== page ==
Wednesday, February 12, 2014

How A Lourdes Miracle Cured a Boy and an Unbelieving Father

The following is an account of a miracle at Lourdes found in the book, The Song of Bernadette:

“The second case was no less immediate. It concerned another young person of Bordeaux. It was Jules, the twelve-year-old son of an official in the revenue department, Roger Lacassagne. This gentleman affected a martial air and, quite unlike Moreau, could not be accused of any stirrings of a religious instinct. Now, Jules was afflicted by the rare and curious disease popularly known as Saint Vitus’s dance.

This affliction is less dangerous on account of the morbid contortions of the limbs than on account of the swelling and progressive closing of the oesophagus which gradually makes almost impossible the intake of solid food. The family physician Nogues and the consultant physician Professor Roquer applied all remedies prescribed in the medical textbooks as well as some that were not. They displayed the opportunistic pragmatism common to all physicians who are unwilling to admit their powerlessness. The boy’s oesophagus closed up more and more. At last the channel left was no thicker than a knitting-needle and admitted even a few drops of milk or soup only with extreme difficulty. Jules Lacassagne had become a mere shadow and seemed doomed to die of starvation. His mother took him to a seaside resort: perhaps the ocean’s energy would help. It did not.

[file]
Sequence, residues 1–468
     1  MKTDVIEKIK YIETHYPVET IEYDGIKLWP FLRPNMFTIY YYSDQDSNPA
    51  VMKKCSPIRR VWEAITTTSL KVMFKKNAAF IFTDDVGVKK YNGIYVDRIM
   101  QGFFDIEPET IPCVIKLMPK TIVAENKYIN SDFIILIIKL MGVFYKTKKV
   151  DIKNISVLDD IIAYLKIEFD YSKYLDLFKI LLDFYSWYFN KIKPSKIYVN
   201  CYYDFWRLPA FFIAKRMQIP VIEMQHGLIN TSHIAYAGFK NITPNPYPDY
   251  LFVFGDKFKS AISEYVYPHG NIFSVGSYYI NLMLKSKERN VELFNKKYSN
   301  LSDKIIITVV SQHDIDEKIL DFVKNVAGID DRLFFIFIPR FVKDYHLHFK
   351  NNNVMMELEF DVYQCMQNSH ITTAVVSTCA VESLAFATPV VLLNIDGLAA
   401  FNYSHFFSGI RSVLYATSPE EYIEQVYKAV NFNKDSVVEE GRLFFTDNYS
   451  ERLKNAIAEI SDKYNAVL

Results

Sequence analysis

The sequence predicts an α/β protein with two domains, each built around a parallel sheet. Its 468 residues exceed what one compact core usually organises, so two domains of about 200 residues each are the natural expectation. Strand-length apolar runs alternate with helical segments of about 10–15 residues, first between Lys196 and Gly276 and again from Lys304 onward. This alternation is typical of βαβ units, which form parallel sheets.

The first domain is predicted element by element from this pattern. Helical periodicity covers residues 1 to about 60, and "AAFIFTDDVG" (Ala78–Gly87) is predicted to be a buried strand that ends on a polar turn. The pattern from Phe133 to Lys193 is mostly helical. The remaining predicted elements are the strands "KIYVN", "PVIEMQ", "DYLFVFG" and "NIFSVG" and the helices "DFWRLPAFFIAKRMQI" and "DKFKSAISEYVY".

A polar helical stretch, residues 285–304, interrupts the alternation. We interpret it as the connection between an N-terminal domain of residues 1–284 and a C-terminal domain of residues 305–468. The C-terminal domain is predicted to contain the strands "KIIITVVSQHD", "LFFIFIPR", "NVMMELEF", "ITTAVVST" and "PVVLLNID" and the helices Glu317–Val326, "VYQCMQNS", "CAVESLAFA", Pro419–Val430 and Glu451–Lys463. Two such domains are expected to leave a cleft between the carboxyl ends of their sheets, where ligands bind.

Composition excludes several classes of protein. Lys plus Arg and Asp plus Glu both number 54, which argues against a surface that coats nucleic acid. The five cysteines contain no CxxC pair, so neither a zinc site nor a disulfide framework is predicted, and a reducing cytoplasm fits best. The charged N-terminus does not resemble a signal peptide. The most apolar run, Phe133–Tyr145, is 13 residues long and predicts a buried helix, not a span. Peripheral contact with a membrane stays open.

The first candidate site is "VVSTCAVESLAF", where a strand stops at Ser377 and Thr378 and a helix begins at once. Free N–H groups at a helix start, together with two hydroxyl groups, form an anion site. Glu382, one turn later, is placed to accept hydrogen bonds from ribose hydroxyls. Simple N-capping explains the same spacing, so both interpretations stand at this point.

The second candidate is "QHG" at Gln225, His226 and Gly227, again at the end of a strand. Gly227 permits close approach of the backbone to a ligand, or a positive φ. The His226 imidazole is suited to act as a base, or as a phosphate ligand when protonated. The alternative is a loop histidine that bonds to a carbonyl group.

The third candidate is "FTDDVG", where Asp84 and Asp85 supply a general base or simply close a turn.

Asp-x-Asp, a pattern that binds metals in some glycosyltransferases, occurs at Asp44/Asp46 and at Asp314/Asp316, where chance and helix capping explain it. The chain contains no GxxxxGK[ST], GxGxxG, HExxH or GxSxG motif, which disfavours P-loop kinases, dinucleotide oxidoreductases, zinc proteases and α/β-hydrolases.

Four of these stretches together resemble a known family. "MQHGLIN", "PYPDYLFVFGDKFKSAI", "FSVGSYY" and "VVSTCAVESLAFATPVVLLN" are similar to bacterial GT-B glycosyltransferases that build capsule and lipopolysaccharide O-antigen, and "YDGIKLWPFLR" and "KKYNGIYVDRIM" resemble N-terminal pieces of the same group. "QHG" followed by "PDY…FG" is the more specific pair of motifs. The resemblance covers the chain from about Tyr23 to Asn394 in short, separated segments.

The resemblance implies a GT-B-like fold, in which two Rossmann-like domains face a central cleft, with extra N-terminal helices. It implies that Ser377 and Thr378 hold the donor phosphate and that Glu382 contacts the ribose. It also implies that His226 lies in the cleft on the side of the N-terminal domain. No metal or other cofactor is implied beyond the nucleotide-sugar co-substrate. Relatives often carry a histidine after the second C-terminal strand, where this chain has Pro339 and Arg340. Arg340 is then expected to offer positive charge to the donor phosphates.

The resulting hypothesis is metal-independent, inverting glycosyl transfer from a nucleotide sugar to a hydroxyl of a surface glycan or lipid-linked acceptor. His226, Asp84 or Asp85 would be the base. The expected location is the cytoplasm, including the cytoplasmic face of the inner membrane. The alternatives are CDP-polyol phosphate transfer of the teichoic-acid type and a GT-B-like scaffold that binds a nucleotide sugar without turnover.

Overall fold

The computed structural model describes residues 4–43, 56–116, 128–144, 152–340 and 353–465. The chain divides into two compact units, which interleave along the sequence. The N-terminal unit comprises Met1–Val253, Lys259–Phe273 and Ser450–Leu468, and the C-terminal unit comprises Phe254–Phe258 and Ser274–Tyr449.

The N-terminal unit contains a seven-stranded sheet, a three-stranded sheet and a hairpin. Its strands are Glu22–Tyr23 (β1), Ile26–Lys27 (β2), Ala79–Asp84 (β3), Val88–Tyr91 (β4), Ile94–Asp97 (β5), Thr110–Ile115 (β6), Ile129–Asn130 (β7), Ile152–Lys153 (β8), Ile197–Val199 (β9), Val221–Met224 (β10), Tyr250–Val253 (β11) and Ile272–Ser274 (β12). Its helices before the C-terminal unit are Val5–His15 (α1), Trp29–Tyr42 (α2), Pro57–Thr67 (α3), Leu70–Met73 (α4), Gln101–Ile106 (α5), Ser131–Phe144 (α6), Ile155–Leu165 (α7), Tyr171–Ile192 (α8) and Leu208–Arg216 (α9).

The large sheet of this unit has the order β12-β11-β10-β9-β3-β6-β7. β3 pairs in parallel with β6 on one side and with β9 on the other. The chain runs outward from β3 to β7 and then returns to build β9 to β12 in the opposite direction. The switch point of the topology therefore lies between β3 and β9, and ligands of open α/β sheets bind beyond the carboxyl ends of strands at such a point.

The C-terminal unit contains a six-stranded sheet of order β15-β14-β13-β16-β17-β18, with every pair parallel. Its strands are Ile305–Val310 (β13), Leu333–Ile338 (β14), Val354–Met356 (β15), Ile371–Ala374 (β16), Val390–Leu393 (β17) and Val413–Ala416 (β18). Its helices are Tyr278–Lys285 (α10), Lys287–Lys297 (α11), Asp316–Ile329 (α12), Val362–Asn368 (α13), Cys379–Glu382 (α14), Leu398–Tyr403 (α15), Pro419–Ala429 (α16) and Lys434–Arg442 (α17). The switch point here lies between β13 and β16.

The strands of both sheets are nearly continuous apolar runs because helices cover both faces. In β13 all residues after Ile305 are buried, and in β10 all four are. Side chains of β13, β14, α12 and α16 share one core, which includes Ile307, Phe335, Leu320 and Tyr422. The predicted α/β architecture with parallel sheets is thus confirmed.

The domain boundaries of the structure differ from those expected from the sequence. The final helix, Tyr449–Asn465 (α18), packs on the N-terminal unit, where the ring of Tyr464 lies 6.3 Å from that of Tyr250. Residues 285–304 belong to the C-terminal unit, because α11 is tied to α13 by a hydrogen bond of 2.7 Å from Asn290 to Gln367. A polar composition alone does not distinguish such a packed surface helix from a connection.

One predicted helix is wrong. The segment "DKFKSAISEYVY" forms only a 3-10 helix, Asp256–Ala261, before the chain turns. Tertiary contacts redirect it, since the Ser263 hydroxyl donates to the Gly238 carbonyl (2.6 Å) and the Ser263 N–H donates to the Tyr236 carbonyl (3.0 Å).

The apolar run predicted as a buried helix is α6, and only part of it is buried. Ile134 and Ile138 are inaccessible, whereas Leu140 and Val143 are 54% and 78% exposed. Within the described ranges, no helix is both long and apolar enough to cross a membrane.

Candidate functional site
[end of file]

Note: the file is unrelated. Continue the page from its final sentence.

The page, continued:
“On the beach whither they carried the boy he found a torn piece of newspaper. Holding it in his feeble hands he read an account of the healing of young Marie Moreau. He pocketed the piece of paper but dared not at first utter his wish. He knew his father’s character and convictions well and was afraid of being laughed at. Not until many days later, when, obviously doomed, he was taken back to Bordeaux, did he hesitantly tell his mother the story of Lourdes and Marie Moreau. Madame Lacassagne besought her husband to set out for Lourdes on that very day. The husband consented without debate. IN THE FACE OF DEATH, UNFAITH IS FAR UNSURER OF ITSELF THAN FAITH. In his own arms Roger Lacassagne carried his son to the grotto. A former army man, he was disinclined to stand for any nonsense. IF MIRACLES CAN HAPPEN, LET THEM! Hence he had brought with him a bag of soft biscuits.

“After Jules, endlessly agonizing, had succeeded in getting down a glassful of the water drop by drop, the absurd father handed him one of the biscuits and gave an order in his military fashion: “Now, then, eat!” And now an absurder thing happened: the boy ate. He bit off a piece, chewed it, and swallowed it like any ordinary mortal. The tall Lacassagne with his grey pompadour turned aside, reeling like a drunken man, and beat his breast and panted: “Jules is eating . . . Jules is eating . . . .”

And the people around the grotto burst into tears.

“But Jules kept on eating in silent thoughtfulness and it seemed to many as though the first flush of recovery were even then tingeing his cheeks. Marie Moreau and Jules Lacassagne were but two out of fifteen cases which Bishop Laurence considered as inexplicable by natural processes and as fulfilling his specific demands. He was always guided by the medical evidence recorded immediately prior to the cure and also Monseigneur welcomed most the testimony of physicians either not of the Catholic faith or confessed enemies of all faith…” (Capitals as in original).

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